• Push the button
  • Wait for white walking pedestrian symbol to appear
  • Start to cross only while white walking pedestrian symbol is displayed
  • Check in all directions for oncoming traffic before stepping off the curb
  • Continue crossing if the orange hand signal begins to flash while walking; there is still enough time for you to complete a crossing to the other side at a normal walking speed
  • Yield the right of way to school children trying to cross at intersections controlled by stop signs
  • Do not creep into any intersection

Remember to never begin crossing on a flashing or solid orange hand; there may not be enough time to cross safely.

Community Safety Zone

The Highway Traffic Act (HTA) provides a municipality the authority to designate a part of a roadway under their jurisdiction as a Community Safety Zone (CSZ). As per the HTA, the official designation of a segment of roadway as a CSZ requires the enactment of a municipal by-law which includes the designated area and the erection of regulatory signs on the designated part of the roadway.

Once a CSZ is designated and established, the HTA provides that any person convicted of specific offences described in the HTA is liable to increased fines if it is committed while in a CSZ. For example, fines for speeding in a CSZ will be doubled for each kilometre-per-hour driven over the speed limit. Similarly, fines for careless driving for contraventions of other rules of the road, including traffic signal officences, will also be doubled.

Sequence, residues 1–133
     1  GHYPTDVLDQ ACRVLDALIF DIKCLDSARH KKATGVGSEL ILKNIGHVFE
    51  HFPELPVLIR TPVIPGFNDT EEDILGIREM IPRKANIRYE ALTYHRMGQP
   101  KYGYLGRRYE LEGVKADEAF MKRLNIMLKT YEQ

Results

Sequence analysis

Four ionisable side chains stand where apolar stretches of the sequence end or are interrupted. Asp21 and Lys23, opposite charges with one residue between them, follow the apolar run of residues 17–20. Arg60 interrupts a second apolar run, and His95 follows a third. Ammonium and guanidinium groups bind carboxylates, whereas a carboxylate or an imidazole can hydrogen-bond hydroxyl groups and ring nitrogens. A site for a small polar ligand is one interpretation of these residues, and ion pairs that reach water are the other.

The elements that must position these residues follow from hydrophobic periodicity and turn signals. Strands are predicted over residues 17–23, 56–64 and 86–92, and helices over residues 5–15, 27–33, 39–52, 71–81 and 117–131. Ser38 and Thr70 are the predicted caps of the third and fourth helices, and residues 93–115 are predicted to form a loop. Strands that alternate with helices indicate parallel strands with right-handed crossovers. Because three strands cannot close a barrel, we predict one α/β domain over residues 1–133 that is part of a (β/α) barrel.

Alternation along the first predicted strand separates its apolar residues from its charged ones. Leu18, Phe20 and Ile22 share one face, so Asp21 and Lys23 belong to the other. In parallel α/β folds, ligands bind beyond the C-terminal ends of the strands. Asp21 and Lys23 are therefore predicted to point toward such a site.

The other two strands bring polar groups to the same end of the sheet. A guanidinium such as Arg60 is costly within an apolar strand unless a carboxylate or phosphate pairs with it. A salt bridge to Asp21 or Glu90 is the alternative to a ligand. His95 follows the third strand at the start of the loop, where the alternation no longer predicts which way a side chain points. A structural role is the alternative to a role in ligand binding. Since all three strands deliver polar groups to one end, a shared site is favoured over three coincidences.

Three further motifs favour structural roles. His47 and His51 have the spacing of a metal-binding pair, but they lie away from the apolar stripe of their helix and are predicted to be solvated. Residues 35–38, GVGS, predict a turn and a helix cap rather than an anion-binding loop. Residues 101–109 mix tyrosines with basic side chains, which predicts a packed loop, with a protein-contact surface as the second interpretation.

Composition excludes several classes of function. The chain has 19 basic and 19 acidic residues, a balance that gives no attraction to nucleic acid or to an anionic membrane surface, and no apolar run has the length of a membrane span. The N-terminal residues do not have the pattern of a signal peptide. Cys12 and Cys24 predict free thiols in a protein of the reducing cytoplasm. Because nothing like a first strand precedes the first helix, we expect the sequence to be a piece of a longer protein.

Regulatory, bilingual CSZ signs are posted along the affected segments of a roadway to designate both the beginning and the end of a zone. The rules of the road do not change within the zone; only the penalties for violations are increased.

Samples of the CSZ Begins and Ends signs are shown below:

Regulatory CSZ Begins Sign
Regulatory CSZ Ends Sign

In Ottawa, Community Safety Zones are installed in proximity to school areas to enhance the safety of children walking or cycling, to and from school. Existing CSZ in Ottawa are identified in the City’s Community Safety Zone By-law.

Winter driving safety

When driving in the winter, it is a good idea to prepare an emergency car kit and to follow some basic tips.